Employee theft was a prominent – and expensive – problem in 2011, but there are some noteworthy trends that can help you prevent similar loss within your organization.

Marquet International Ltd. has studied white-collar crime in the United States for the past four years, and its most recent report – The 2011 Marquet Report on Embezzlement – indicates that fraud remained a significant issue in 2011. The company examined 473 cases of white-collar fraud with more than $100,000 in reported losses, and its findings include:

  • There was a slight 2% decrease in the number of cases from 2010.
  • Non-profits, including religious organizations, experienced one-sixth of all major embezzlement cases.
  • The average loss was nearly $750,000.
  • Employees who held finance/bookkeeping and accounting positions committed about three-quarters of the incidents in 2011 and two-thirds of all cases from 2008-2011.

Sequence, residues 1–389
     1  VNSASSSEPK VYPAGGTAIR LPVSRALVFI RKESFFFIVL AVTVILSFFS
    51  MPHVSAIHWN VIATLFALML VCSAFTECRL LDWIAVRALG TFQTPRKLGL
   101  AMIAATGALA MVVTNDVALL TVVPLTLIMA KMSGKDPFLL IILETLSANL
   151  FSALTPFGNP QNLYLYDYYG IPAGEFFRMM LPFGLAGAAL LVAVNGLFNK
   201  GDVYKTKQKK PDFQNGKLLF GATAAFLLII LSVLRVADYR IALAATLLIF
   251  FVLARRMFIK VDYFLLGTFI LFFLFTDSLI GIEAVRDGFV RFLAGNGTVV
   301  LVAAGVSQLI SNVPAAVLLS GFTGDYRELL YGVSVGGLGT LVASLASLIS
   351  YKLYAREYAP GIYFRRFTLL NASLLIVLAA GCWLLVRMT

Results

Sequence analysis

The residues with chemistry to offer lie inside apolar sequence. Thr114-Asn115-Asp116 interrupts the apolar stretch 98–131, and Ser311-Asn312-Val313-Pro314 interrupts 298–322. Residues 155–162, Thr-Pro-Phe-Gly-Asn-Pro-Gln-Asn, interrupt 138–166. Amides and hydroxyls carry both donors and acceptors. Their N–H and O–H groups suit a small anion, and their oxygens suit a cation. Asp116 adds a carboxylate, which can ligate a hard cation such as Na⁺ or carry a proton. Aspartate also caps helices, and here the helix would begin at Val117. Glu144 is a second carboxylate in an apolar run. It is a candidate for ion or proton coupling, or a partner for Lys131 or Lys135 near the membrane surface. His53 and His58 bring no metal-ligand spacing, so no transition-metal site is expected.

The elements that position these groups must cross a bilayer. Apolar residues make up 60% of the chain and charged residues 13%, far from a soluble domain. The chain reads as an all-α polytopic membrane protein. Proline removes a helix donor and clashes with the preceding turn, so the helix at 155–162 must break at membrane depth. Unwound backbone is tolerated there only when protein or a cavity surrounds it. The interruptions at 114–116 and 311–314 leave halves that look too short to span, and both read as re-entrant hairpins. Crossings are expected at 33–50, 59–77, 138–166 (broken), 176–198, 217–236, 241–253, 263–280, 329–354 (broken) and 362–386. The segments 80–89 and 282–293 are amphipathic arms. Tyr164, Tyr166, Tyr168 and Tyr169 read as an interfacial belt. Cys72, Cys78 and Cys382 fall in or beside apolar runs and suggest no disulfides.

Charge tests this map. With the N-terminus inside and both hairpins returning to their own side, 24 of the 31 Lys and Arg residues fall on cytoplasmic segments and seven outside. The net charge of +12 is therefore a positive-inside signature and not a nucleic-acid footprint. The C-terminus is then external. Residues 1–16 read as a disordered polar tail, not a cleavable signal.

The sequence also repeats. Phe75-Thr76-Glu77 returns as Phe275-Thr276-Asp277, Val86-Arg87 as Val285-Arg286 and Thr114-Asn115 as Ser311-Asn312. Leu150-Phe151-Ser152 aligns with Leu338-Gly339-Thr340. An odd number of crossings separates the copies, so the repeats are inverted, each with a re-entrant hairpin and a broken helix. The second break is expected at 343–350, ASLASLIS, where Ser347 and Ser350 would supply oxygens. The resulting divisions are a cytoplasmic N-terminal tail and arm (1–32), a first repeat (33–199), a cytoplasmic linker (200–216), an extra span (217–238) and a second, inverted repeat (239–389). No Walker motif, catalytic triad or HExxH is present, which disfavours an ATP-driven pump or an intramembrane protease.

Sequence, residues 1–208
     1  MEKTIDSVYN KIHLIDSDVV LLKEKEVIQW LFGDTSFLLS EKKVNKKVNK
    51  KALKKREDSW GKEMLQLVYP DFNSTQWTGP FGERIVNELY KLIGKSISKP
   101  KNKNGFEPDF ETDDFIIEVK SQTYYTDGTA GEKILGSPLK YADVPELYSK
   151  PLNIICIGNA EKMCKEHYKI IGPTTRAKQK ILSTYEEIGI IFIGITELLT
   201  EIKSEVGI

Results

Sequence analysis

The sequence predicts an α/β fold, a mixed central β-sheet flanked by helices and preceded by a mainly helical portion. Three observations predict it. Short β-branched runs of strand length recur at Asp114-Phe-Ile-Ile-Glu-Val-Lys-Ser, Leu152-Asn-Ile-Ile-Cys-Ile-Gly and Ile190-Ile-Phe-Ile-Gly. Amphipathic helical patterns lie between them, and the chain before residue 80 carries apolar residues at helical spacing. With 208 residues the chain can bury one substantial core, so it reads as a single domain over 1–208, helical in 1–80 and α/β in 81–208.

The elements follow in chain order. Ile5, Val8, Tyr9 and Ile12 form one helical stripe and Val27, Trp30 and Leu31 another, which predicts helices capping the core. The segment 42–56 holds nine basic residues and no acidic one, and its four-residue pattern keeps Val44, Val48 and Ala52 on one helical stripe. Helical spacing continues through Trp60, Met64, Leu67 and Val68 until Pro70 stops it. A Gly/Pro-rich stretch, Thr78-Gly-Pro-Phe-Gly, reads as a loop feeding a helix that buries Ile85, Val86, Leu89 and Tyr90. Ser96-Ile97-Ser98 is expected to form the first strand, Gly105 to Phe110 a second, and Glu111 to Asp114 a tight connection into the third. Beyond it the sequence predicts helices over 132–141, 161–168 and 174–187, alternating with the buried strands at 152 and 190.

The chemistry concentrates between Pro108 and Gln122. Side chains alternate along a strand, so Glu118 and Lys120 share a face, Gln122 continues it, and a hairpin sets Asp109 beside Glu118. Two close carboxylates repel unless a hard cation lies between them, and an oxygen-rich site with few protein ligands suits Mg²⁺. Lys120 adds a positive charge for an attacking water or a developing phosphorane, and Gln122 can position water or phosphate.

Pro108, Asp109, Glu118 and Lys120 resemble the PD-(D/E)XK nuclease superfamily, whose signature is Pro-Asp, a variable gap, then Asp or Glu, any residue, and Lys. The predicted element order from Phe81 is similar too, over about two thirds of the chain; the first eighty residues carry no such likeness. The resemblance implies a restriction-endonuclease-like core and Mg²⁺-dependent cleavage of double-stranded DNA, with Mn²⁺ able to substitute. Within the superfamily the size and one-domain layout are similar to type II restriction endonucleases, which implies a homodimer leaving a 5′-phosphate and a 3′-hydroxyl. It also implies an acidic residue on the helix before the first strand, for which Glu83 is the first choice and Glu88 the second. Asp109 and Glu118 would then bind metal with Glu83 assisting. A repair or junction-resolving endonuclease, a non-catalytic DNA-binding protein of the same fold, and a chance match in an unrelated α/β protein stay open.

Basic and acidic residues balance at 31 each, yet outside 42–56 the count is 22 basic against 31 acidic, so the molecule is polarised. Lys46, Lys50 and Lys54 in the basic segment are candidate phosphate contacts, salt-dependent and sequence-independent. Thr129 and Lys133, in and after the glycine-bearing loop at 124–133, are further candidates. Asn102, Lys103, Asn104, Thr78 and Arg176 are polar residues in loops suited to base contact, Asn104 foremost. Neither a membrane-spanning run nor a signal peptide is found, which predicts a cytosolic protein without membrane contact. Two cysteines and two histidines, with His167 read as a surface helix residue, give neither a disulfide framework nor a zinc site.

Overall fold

• The most common scheme involved issuing forged and unauthorized company checks. The second-most common scheme involved the theft and/or conversion of cash receipts.
  • Nearly two-thirds of the cases involved female perpetrators. However, on average, male perpetrators embezzled nearly 25% more than females.
  • Nearly 90% of the cases involved individual perpetrators, and most major embezzlers appear to have been motivated by a desire to live a relatively more lavish lifestyle, rather than driven by financial woes.

A majority of the organizations involved in these schemes had weak business and cash controls.  In economic uncertainty, preventing fraud with strong internal controls is cheaper and more effective than detecting a crime.

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